January 25, 2023 report
Astronomers discover a peculiar cataclysmic variable star
Using NASA's Transiting Exoplanet Survey Satellite (TESS), astronomers have discovered a peculiar cataclysmic variable star. The newly found system, designated SDSS J134441.83+204408.3 (or J1344 for short) is a highly asynchronous, short-period magnetic cataclysmic variable, despite its high surface field strength. The finding is reported in a paper published January 13 on the arXiv preprint server.
Cataclysmic variables (CVs) are binary star systems consisting of a white dwarf primary that is accreting matter from a normal star companion. They irregularly increase in brightness by a large factor then drop back down to a quiescent state. Polars are a subclass of cataclysmic variables distinguished from other CVs by the presence of a very strong magnetic field in their white dwarfs.
When white dwarfs in CVs have a field strength over 10 MG, it is expected to synchronize its rotational frequency to the binary orbit frequency, due to the steep radial dependence of the magnetic field. However, a team of astronomers led by Colin Littlefield of the Bay Area Environmental Research Institute in Moffett Field, California, reports the detection of a cataclysmic variable that defies these expectations, therefore challenging current theoretical models.
"What makes J1344 remarkable is the combination of three parameters: its moderately high magnetic-field strength, its short orbital period, and its high degree of asynchronism. Together, these properties paint an interesting picture of a magnetic CV that would normally be expected to be synchronous, but isn't," the researchers explained.
At a distance of some 1,950 light years, J1344 was initially classified as a synchronous polar. The new TESS data indicate that J1344 has a high surface field strength of about 56 MG, short orbital period of some 114 minutes and therefore also a relatively short orbital separation. Furthermore, the new observations found that this system showcases an asynchronous rotation as its spin-to-orbit ratio is at a level of 0.893, which is unusual for magnetic CVs.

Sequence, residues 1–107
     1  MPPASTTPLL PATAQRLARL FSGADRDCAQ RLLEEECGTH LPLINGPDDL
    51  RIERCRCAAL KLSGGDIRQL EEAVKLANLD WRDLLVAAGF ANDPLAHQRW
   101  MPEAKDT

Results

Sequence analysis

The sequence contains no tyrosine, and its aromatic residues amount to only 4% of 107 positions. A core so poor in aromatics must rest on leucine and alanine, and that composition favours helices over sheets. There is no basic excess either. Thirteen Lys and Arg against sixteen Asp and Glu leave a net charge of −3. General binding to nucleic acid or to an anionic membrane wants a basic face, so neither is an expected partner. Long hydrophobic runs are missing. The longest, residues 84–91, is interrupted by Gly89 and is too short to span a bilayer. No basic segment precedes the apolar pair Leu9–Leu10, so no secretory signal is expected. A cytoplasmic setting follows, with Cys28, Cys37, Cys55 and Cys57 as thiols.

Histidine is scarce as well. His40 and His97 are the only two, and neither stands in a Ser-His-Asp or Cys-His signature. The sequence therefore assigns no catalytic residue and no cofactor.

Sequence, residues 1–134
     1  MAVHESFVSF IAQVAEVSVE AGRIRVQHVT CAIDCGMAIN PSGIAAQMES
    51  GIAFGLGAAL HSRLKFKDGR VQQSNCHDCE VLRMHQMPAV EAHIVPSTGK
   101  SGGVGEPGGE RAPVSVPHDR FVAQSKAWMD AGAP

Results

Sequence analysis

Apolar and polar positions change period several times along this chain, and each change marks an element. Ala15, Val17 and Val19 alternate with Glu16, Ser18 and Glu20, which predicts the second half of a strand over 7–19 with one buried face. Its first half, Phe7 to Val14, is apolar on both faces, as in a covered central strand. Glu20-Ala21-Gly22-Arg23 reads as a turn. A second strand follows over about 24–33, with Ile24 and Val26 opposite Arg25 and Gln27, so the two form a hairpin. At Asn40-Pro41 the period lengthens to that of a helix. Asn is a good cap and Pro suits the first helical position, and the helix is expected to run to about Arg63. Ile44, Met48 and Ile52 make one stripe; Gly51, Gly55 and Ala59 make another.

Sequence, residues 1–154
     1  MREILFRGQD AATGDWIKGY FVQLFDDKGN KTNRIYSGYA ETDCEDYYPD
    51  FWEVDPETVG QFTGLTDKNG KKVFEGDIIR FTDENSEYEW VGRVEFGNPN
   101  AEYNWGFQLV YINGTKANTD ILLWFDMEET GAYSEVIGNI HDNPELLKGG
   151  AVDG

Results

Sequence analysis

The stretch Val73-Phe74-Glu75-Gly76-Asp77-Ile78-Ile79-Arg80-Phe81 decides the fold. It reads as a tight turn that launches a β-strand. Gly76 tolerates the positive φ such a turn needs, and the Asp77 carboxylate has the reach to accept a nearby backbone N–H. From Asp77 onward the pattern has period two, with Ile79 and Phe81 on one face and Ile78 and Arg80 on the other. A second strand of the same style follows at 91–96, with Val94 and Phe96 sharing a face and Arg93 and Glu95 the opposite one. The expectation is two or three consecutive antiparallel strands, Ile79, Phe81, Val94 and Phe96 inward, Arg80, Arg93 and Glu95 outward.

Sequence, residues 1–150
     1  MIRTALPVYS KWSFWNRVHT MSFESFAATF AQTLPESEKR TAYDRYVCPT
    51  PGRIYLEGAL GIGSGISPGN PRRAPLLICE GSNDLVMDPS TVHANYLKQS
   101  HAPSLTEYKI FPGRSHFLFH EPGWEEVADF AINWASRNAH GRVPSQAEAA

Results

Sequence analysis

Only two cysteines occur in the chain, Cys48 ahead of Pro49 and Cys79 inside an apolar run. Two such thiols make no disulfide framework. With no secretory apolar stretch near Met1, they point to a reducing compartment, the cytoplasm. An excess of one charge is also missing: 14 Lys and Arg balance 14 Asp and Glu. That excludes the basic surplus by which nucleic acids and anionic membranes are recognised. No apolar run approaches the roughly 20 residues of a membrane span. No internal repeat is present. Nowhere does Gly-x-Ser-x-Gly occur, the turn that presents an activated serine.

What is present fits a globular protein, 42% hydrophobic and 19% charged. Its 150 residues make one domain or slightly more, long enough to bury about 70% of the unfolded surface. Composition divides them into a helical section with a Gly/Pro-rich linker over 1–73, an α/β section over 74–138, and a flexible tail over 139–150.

The astronomers underlined that the highly asynchronous rotation in J1344 is a challenge for theoretical studies of spin-period evolution. They noted that it proves that a surface field strength higher than 10 MG and short binary separation does not guarantee that a system will rapidly synchronize.
All in all, the researchers suppose that some combination of a weakly magnetic secondary star or an unusually massive white dwarf is the most plausible hypothesis that could explain the failure of J1344 to achieve synchronous rotation. According to them, the case of J1344 suggests that some other CVs classified as synchronous polars need to be revisited as they may be asynchronous systems.
"J1344's ability to successfully masquerade as a synchronous polar for a decade suggests that other nominally synchronous systems might also be asynchronous. It will be important to examine the TESS light curves of all polars to search for any such systems," the authors of the paper concluded.
More information: Colin Littlefield et al, SDSS J134441.83+204408.3: A highly asynchronous, short-period magnetic cataclysmic variable with a 56 MG field strength, arXiv (2023). DOI: 10.48550/arxiv.2301.05723
Journal information: arXiv
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